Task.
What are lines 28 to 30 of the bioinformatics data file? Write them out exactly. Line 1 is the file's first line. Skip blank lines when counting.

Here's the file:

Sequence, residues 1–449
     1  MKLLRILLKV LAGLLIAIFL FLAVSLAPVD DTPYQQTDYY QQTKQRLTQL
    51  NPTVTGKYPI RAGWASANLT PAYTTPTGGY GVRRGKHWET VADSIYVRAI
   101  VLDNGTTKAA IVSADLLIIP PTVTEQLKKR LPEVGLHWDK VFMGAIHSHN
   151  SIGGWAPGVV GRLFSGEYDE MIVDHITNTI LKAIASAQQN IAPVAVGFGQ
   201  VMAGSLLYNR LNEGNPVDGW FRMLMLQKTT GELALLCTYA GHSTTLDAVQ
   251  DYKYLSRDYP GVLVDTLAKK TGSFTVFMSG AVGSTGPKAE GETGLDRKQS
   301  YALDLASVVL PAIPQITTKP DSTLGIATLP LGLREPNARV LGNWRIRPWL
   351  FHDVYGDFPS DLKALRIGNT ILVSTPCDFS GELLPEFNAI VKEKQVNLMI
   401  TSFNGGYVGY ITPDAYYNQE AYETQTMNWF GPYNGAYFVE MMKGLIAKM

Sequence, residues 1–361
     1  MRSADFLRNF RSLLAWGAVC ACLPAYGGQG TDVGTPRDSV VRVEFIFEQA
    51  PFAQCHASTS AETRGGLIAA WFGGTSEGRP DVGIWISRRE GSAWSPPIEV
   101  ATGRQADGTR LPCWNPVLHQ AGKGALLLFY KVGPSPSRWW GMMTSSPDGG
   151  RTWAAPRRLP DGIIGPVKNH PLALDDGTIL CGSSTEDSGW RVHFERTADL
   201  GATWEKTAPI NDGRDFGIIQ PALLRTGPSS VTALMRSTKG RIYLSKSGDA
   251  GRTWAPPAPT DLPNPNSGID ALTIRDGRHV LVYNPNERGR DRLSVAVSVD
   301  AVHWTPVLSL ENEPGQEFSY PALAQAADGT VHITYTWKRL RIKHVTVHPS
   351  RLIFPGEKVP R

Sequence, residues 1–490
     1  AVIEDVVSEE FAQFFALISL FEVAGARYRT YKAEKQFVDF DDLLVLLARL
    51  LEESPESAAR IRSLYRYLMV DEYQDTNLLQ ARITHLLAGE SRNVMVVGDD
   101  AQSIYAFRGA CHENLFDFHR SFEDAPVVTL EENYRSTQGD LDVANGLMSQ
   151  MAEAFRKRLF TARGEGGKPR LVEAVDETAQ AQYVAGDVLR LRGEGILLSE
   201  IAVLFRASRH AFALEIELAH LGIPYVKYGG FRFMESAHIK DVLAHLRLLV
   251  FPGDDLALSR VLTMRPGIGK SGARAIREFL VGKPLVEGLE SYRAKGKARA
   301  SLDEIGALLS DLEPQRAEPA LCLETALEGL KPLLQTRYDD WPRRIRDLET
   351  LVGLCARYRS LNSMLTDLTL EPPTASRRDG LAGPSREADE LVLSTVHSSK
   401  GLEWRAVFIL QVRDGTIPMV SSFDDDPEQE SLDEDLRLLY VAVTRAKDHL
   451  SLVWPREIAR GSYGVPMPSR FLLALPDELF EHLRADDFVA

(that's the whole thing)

   351  LVGLCARYRS LNSMLTDLTL EPPTASRRDG LAGPSREADE LVLSTVHSSK
   401  GLEWRAVFIL QVRDGTIPMV SSFDDDPEQE SLDEDLRLLY VAVTRAKDHL
   451  SLVWPREIAR GSYGVPMPSR FLLALPDELF EHLRADDFVA